Mulgrave library may close

·2 min read

MULGRAVE – Councillor Crystal Durling, the Town of Mulgrave’s representative on the Eastern Counties Regional Library (ECRL) board, told council at its committee of the whole meeting Monday night (Feb. 22) that the ECRL has expressed its desire to close the library branch in Mulgrave.

“For cost for them, it makes more sense to close it,” Durling said, adding that ECRL headquarters would remain in Mulgrave.

CAO Darlene Berthier Sampson asked if the library closure was a suggestion, or if they were being told the decision had been made, to which Durling replied, “They wanted to bring it to the meeting … pretty much -- it is going to happen because of money issues.”

Since the pandemic started, the ECRL branch in Mulgrave has been closed. Prior to that, the branch had only opened six months of the year.

Since March 2020, books have been available for curbside pick-up at the Mulgrave branch – via online ordering – and also by mail.

“The only thing it is going to hurt is if a lot of people in town go there to use computers,” said Durling.

Council believes that the only way to keep the library branch open in Mulgrave is to dedicate more money from the town’s budget to the operation of the facility.

“It’s pretty much a money issue, the way she (ECRL CEO Laura Emery) was saying that, ‘If you want to keep the service, you’re going to probably have to pay.’ They only have so much money to work with for their budget.”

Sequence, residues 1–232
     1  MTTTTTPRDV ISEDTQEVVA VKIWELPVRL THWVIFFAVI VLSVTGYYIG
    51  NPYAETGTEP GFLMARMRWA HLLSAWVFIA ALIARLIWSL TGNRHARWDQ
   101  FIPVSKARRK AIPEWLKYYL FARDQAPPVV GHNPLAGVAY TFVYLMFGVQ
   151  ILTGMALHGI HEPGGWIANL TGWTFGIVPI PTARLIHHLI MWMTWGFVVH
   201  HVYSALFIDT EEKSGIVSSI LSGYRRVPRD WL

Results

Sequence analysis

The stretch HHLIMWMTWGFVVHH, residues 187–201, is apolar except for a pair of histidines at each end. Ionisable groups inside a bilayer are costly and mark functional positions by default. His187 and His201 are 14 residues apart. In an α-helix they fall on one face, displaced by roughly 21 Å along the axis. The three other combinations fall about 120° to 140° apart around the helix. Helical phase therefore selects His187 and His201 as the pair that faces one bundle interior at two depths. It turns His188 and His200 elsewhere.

The matter will be tabled until the next council meeting, but councillors voiced their agreement with the proposed closure.

Last month, the Town of Mulgrave started to look for a volunteer to sit on the Eastern Mainland Housing Authority Board. The town’s seat on the board – recently left vacant – has not been filled.

Berthier Sampson said at the meeting that the housing authority board is, “a very important initiative … I’m not going to mince words to the public, we’re not having great outcomes with our public housing. Financially, some of them stay empty for a long period of time and for every month they stay empty the town’s share is 12.5 per cent, approximately. The longer it stays empty the more we pay.”

In addition to the financial burden of the housing units, they’re also often the subject of bylaw infractions and policing calls.

The original agreement between the town and the province regarding public housing is outdated and needs to be renegotiated, said Berthier Sampson. A volunteer from Mulgrave is needed to represent the town’s interests on the board.

In an addition to the approved agenda, Councillor Robert Russell asked the town staff to investigate the possiblity of plowing the Scotia Trail.

The next regular town council meeting is scheduled for Tuesday, March 2 at 6:30 p.m. in council chambers.

Lois Ann Dort, Local Journalism Initiative Reporter, Guysborough Journal